References
Top
  1. Gunnell D, Eddleston M, Phillips MR, Konradsen F. The global distribution of fatal pesticide self-poisoning: systematic review. BMC Public Health 2007; 7:357.
  2. Lock EA, Wilks MF. Paraquat. In: Handbook of Pesticide Toxicology, 3rd ed, Krieger RI (Ed), Academic Press, San Diego 2010.
  3. Senarathna L, Eddleston M, Wilks MF, et al. Prediction of outcome after paraquat poisoning by measurement of the plasma paraquat concentration. QJM 2009; 102:251.
  4. Jones GM, Vale JA. Mechanisms of toxicity, clinical features, and management of diquat poisoning: a review. J Toxicol Clin Toxicol 2000; 38:123.
  5. Suntres ZE. Role of antioxidants in paraquat toxicity. Toxicology 2002; 180:65.
  6. Gawarammana IB, Buckley NA. Medical management of paraquat ingestion. Br J Clin Pharmacol 2011; 72:745.
  7. Houzé P, Baud FJ, Mouy R, et al. Toxicokinetics of paraquat in humans. Hum Exp Toxicol 1990; 9:5.
  8. Wunnapuk K, Mohammed F, Gawarammana I, et al. Prediction of paraquat exposure and toxicity in clinically ill poisoned patients: a model based approach. Br J Clin Pharmacol 2014; 78:855.
  9. Wilks MF, Tomenson JA, Fernando R, et al. Formulation changes and time trends in outcome following paraquat ingestion in Sri Lanka. Clin Toxicol (Phila) 2011; 49:21.
  10. Kim JH, Gil HW, Yang JO, et al. Serum uric acid level as a marker for mortality and acute kidney injury in patients with acute paraquat intoxication. Nephrol Dial Transplant 2011; 26:1846.
  11. Gawarammana IB, Dawson AH. Peripheral burning sensation: a novel clinical marker of poor prognosis and higher plasma-paraquat concentrations in paraquat poisoning. Clin Toxicol (Phila) 2010; 48:347.
  12. Zhou CY, Kang X, Li CB, et al. Pneumomediastinum predicts early mortality in acute paraquat poisoning. Clin Toxicol (Phila) 2015; 53:551.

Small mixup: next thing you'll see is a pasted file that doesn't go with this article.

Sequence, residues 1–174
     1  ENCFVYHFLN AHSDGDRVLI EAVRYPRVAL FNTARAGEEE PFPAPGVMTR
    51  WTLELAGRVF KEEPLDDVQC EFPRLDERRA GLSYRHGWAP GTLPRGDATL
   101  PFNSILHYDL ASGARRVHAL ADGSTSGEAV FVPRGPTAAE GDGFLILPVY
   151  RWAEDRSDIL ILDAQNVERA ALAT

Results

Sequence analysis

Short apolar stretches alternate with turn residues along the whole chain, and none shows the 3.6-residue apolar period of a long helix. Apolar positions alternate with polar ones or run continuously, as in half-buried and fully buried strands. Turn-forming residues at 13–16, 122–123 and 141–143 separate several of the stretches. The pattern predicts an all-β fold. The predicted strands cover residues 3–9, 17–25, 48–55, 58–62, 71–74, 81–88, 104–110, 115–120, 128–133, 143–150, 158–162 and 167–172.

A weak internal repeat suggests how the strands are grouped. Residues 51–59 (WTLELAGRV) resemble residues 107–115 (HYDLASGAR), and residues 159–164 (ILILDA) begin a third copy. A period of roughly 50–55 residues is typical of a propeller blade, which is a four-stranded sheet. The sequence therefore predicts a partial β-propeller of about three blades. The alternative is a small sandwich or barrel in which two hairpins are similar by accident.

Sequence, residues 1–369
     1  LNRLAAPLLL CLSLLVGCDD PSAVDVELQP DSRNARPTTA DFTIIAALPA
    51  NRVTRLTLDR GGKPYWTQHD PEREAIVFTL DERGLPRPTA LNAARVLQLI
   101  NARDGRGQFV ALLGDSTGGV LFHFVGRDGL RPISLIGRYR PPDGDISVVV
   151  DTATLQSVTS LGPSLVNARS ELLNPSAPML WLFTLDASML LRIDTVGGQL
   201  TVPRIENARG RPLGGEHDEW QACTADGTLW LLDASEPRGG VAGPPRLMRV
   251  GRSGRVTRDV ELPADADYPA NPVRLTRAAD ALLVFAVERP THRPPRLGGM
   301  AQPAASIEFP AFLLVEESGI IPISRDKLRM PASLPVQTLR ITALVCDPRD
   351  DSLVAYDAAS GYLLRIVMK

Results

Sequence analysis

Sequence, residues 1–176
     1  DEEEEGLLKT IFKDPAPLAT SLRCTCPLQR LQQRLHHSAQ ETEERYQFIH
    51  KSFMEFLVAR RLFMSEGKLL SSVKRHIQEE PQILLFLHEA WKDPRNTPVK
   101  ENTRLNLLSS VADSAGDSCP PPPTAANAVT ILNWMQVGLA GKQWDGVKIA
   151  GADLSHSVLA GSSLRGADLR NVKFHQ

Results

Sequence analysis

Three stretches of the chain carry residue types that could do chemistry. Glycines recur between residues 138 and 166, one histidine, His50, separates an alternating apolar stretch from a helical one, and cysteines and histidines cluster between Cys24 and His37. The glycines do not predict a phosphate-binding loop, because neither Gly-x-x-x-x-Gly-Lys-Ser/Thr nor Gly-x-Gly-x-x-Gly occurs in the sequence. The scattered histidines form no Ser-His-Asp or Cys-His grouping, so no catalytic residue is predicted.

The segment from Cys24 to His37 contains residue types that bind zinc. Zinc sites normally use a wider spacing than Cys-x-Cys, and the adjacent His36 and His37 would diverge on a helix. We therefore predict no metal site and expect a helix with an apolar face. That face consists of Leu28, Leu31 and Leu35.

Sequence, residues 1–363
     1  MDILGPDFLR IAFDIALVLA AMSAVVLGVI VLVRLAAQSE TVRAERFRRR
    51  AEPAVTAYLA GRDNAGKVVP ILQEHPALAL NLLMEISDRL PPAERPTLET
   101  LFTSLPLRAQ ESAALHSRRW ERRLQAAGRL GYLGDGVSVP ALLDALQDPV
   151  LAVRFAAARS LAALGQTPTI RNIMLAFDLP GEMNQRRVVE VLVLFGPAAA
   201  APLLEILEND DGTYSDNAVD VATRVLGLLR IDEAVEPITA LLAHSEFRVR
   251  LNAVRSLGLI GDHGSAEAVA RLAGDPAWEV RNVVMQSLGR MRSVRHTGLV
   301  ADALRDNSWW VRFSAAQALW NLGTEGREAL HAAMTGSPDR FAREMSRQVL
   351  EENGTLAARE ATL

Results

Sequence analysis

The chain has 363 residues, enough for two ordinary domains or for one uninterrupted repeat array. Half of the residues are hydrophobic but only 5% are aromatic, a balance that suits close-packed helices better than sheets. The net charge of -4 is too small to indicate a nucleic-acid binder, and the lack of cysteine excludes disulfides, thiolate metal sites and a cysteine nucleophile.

13. Ragoucy-Sengler C, Pileire B. A biological index to predict patient outcome in paraquat poisoning. Hum Exp Toxicol 1996; 15:265.
  14. Roberts DM, Wilks MF, Roberts MS, et al. Changes in the concentrations of creatinine, cystatin C and NGAL in patients with acute paraquat self-poisoning. Toxicol Lett 2011; 202:69.
  15. Mohamed F, Endre Z, Jayamanne S, et al. Mechanisms underlying early rapid increases in creatinine in paraquat poisoning. PLoS One 2015; 10:e0122357.
  16. Mohamed F, Buckley NA, Jayamanne S, et al. Kidney damage biomarkers detect acute kidney injury but only functional markers predict mortality after paraquat ingestion. Toxicol Lett 2015; 237:140.
  17. Kim SJ, Gil HW, Yang JO, et al. The clinical features of acute kidney injury in patients with acute paraquat intoxication. Nephrol Dial Transplant 2009; 24:1226.
  18. Suzuki K, Takasu N, Arita S, et al. A new method for predicting the outcome and survival period in paraquat poisoning. Hum Toxicol 1989; 8:33.
  19. Lee Y, Lee JH, Seong AJ, et al. Arterial lactate as a predictor of mortality in emergency department patients with paraquat intoxication. Clin Toxicol (Phila) 2012; 50:52.
  20. Jiang Z, Xu SY, Cao Y, et al. [Prognostic significance of serum lactic acid in evaluation of acute paraquat poisoning patients]. Zhonghua Wei Zhong Bing Ji Jiu Yi Xue 2013; 25:519.